On the Nature of Things

"I am a star at rest, my daughter," answered Ramandu. "When I set for the last time, decrepit and old beyond all that you can reckon, I was carried to an island. I am not so old now as I was then. Every morning a bird brings me a fireberry from the valleys in the Sun, and each fireberry takes away a little of my age. And when I have become as young as the child that was born yesterday, then I shall take my rising again (for we are at earth's eastern rim) and once more tread the great dance."
"In our world," said Eustace, "a star is a huge ball of flaming gas."
"Even in your world, my son, that is not what a star is, but only what it is made of."

[The Voyage of the Dawn Treader, 180].  

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5 Comments

  1. Metaphysical Realist said,

    April 8, 2006 at 7:34 am

    Quite a proper distinction. Much like the story of the student, the teacher, and the fish.

    ~MR

  2. April 13, 2006 at 7:34 am

    Ok, I’ll display my ignorance. Is the point that to reduce a star to its mere composition fails to recognize its beauty and true nature?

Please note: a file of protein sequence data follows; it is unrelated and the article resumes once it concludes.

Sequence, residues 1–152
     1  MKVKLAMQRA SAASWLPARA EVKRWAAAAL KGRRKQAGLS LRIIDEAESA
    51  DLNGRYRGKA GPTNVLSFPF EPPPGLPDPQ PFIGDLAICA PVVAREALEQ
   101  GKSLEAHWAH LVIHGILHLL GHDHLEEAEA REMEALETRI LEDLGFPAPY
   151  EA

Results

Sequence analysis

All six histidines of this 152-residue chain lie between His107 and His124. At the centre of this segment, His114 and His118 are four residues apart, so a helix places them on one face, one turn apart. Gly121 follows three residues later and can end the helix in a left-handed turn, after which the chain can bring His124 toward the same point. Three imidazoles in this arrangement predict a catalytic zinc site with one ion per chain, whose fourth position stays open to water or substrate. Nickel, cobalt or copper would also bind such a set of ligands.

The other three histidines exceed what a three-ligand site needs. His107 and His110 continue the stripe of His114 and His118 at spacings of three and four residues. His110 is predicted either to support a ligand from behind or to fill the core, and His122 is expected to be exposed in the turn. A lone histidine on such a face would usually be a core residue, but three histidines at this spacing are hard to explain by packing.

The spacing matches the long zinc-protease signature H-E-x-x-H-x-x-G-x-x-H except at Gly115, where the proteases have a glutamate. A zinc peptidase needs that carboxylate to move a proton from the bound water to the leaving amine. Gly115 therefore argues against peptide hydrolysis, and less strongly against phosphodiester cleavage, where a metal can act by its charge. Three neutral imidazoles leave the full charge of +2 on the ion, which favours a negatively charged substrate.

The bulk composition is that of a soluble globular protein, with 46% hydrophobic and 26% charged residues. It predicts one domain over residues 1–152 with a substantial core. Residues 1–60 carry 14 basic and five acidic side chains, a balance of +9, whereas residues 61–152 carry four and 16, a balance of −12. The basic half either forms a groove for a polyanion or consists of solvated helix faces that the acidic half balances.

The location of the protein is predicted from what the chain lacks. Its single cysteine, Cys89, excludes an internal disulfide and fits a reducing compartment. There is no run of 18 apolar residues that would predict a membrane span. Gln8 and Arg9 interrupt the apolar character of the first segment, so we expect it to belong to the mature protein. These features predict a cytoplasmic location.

3. Neoclassical said,

    April 14, 2006 at 8:54 pm

    Right.

    It is scientism that reduces things to merely its materials.

    There is a difference in saying, “this is what makes a star,” and, “this is a star.”

    It doesn’t have so much to do with poetry, as it has to do with ontology (the essence of things).

  4. April 14, 2006 at 9:27 pm

    Ok.

    There is a similar observation from Lewis in The Last Battle on Susan. I don’t have the book here, but Peter (I believe) observes how she has forgotten/forsaken the real nature of things for temporal materialism.

    You just can’t capture those thoughts in a movie.

  5. lilrabbi said,

    April 22, 2006 at 11:04 am

    Are you saying we have gas?


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